In this perspective-broadening text, Sharpley and Stone (and their fellow observers of the prominence of sites of death and disaster) shine informed light on the rich but undersuspected connectivities of tourism. The dark and unquenchable business of thanatourism is colourfully and critically painted in arrestive shades of cultural, political, and public significance. --Keith Hollinshead, Professor of Public Culture,Tourism Studies, The Business School, University of Bedfordshire
About the Author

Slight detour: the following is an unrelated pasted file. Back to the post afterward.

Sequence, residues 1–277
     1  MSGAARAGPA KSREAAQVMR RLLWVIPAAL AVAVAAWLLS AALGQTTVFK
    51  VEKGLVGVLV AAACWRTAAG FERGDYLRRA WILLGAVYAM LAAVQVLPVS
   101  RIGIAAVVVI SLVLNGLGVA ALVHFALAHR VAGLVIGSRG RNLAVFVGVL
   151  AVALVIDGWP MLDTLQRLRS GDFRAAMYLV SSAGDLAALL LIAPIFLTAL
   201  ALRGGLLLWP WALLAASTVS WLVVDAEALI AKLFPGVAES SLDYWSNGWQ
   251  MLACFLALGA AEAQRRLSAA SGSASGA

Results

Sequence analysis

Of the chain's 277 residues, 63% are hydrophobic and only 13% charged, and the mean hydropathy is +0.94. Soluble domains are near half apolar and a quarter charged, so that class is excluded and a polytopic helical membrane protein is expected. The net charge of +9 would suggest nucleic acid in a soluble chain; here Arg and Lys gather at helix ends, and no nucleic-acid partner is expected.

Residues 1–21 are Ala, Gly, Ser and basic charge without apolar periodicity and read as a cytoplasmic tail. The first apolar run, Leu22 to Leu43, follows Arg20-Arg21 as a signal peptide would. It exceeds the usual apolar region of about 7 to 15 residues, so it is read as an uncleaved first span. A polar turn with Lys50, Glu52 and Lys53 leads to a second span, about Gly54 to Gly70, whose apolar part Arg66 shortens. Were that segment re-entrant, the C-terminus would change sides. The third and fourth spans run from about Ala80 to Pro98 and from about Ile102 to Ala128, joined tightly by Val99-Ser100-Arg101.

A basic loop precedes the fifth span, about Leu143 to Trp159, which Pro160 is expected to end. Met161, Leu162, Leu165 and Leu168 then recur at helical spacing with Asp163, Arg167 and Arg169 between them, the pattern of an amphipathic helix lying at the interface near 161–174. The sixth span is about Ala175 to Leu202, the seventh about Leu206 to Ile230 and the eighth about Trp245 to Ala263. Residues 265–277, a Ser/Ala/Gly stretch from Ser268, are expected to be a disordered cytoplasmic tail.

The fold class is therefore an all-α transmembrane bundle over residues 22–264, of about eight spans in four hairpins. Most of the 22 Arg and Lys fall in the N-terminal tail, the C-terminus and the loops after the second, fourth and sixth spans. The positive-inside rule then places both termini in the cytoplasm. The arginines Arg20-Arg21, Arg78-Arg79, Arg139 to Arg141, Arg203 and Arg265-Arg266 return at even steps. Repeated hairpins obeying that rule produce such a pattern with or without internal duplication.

Richard Sharpley is Professor of Tourism and Development at the University of Central Lancashire, Preston, UK. He has previously held positions at a number of other institutions, including the University of Northumbria (Reader in Tourism) and the University of Lincoln, where he was Professor of Tourism and Head of Department, Tourism and Recreation Management. His principal research interests are within the fields of tourism and development, island tourism, rural tourism and the sociology of tourism, and his books include Tourism and Development: Concepts and Issues (2002), Tourism and Development in the Developing World (2008) and Tourism, Tourists and Society, 4th Edition (2008). Philip R. Stone is a former Management Consultant within the tourism and hospitality sector, and is presently a Senior Lecturer at the University of Central Lancashire, UK. He teaches tourism, hospitality and event management at undergraduate and postgraduate level. He is also Founder and Editor of The Dark Tourism Forum, the premier online dark tourism subject resource facility and global alliance of scholars and industry practitioners (see www.dark-tourism.org.uk ). His primary research interests revolve around dark tourism consumption and its relationship with contemporary society. He has published in a number of international academic journals, presented at a variety of international conferences, as well as acting as Media Consultant on dark tourism to both press and broadcast institutions across the world.